Tag Archives: Librarian

A Meditation on Collaboration in Summer School

John Drew, a famous American actor, playing th...
John Drew, a famous American actor, playing the part of Petruchio from The Taming of the Shrew. (Photo credit: Wikipedia)

Collaboration with a librarian opens many windows of possibility for lifelong learning.  As the summer librarian at Monticello CSD, I have strived to collaborate during these short six weeks. Being a newbie in the district and a summer employee to boot, it has not been easy to persuade colleagues to work with me. My efforts have been semi-successful.

Successes: One small class has participated in the summer reading contest, as well as one student outside the class. The goals of the reading program were to promote reading and improve literacy through a reading contest in which students had to write book reviews. Students would be rewarded for their efforts with a library party at the end of term and individual prizes for the top three reviewers. The more students practice reading and writing, the better readers and writers they become. In the meeting prior to the summer term, the administration presented students’ success statistics of the previous summer and their correlating subjects / teachers, a.k.a. accountability. My plan was to improve students’ overall academic performance through literacy practice in the library, but such grand plans fall through with a time crunch like summer term.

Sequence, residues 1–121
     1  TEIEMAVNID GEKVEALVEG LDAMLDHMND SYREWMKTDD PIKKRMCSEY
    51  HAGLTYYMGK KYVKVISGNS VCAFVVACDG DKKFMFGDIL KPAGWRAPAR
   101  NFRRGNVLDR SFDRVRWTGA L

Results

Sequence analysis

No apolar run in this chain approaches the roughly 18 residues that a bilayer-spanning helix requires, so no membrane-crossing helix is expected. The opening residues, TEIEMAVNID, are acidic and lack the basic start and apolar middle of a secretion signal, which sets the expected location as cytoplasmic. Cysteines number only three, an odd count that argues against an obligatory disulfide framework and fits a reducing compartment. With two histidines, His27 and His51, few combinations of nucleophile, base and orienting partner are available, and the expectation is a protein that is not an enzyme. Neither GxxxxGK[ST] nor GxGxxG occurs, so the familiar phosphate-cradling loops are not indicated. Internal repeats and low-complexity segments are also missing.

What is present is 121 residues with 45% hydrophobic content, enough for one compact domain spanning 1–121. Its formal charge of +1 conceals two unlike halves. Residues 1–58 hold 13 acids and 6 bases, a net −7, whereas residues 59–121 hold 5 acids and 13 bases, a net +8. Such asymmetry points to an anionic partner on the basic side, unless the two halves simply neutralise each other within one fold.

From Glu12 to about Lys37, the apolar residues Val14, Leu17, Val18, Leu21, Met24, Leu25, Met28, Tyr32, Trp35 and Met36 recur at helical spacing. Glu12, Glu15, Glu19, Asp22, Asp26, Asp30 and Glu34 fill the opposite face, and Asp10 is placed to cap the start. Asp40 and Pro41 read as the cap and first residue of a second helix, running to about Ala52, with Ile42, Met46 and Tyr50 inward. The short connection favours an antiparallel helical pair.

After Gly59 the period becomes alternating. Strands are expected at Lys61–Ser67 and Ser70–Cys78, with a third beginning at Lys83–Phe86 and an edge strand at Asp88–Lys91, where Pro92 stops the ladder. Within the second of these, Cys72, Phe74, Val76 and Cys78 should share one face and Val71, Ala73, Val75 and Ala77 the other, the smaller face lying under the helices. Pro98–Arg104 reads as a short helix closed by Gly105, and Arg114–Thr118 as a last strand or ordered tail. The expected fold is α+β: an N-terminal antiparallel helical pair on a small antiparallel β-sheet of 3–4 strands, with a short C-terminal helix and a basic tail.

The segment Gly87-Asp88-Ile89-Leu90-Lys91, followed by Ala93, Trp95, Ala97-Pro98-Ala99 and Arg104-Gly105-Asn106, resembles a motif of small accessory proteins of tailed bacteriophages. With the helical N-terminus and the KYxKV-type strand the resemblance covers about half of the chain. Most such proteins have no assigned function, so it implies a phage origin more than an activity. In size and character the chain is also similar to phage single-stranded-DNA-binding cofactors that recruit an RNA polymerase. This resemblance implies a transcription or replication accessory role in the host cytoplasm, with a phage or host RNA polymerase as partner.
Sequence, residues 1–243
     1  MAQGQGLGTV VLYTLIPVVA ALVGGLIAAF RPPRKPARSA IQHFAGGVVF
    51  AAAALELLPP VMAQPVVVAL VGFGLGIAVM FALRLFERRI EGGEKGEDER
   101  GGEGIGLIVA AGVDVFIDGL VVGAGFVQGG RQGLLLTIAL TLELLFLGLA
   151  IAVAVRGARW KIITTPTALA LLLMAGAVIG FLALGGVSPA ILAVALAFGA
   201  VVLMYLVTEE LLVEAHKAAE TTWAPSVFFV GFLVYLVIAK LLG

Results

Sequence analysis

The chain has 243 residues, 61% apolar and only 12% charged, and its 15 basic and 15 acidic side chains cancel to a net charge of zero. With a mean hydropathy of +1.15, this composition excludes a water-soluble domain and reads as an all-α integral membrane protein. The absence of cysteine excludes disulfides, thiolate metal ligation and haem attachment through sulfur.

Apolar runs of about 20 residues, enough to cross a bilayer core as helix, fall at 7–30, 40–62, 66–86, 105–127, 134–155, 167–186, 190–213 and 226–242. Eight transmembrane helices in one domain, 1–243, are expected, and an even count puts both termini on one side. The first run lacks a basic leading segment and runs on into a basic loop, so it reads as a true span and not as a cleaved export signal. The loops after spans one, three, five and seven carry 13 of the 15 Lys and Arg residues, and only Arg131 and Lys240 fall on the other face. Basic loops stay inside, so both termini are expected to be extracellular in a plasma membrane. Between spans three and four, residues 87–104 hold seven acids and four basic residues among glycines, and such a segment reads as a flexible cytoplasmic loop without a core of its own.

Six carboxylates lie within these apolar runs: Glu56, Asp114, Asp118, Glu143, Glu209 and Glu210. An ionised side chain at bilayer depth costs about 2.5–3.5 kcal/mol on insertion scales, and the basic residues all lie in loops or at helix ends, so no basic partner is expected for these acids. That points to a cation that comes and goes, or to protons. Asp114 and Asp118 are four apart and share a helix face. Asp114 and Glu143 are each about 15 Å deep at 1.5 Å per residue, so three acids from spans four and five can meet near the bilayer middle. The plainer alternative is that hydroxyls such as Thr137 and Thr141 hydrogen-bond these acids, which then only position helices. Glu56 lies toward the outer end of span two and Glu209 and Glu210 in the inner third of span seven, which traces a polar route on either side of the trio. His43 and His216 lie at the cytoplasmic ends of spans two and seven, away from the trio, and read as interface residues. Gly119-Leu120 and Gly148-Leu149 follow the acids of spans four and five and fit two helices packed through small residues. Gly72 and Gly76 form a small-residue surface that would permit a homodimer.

Collaboration was a little more successful than the reading program. Two teachers worked with me: one teacher of ninth and tenth grade English and another of twelfth grade English. The ninth and tenth graders were beginning an environmental impact unit using “The Most Dangerous Game” by Richard Connell as the touchstone text. As an introduction to the subject matter, I taught students how to use Animoto video creation software to create videos on endangered species and the environmental organizations working to protect them. The project was successful, with students finding lots of research, photographs, and videos to embed into the Animoto program. Students enjoyed working with the program and customizing their videos, as well as discovering information about their animal’s habitat, food sources, and the reasons behind their impending extinction.

As for the twelfth grade class, its summer session theme was feminism. Students read Shakespeare’s The Taming of the Shrew in addition to ancillary materials to prepare for their culminating Scoop.it research project. Scoop.it is a blog / magazine hybrid. Students can create a digital magazine about a topic and “scoop” resources to their magazine, adding reflections on the content and likes / comments to the post. A search bar at the top allows students to browse through the Scoop.it program for other articles or digital magazines related to their topics, proving a useful research tool. The “follow” feature is reminiscent of Twitter, customizing the dashboard with recent scoops from other Scoop.it magazines of interest or relation. For the assignment, students were given a sheet with options to choose six powerful women in modern society to research. They had to find two articles for each woman and four general feminism articles. Each source must be scooped to their magazine and be accompanied by a 200-word summary / reflection on the content and its study or representation of powerful women. Furthermore, students were required to follow each other’s magazines and post seven 200-word comments on their classmates’ various scoops.  This way, students would fully utilize the program and learn about a variety of modern women who rose above the expectations of their gender. The class liked the program’s capabilities, but found the some of the features difficult to find and use.